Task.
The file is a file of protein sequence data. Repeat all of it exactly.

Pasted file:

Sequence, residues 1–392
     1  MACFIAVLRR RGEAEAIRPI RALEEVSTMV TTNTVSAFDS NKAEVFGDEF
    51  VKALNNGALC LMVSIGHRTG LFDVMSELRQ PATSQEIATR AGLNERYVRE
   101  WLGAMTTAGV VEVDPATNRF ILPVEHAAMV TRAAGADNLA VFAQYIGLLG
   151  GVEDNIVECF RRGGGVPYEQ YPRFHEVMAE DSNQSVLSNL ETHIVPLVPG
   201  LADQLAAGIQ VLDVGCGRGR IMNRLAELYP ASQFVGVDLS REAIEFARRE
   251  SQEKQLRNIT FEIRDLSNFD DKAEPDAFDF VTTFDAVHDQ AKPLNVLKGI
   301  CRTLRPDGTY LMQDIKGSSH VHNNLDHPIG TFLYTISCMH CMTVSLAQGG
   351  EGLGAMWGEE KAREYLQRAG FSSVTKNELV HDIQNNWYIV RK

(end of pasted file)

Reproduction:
Sequence, residues 1–392
     1  MACFIAVLRR RGEAEAIRPI RALEEVSTMV TTNTVSAFDS NKAEVFGDEF
    51  VKALNNGALC LMVSIGHRTG LFDVMSELRQ PATSQEIATR AGLNERYVRE
   101  WLGAMTTAGV VEVDPATNRF ILPVEHAAMV TRAAGADNLA VFAQYIGLLG
   151  GVEDNIVECF RRGGGVPYEQ YPRFHEVMAE DSNQSVLSNL ETHIVPLVPG
   201  LADQLAAGIQ VLDVGCGRGR IMNRLAELYP ASQFVGVDLS REAIEFARRE
   251  SQEKQLRNIT FEIRDLSNFD DKAEPDAFDF VTTFDAVHDQ AKPLNVLKGI
   301  CRTLRPDGTY LMQDIKGSSH VHNNLDHPIG TFLYTISCMH CMTVSLAQGG
   351  EGLGAMWGEE KAREYLQRAG FSSVTKNELV HDIQNNWYIV RK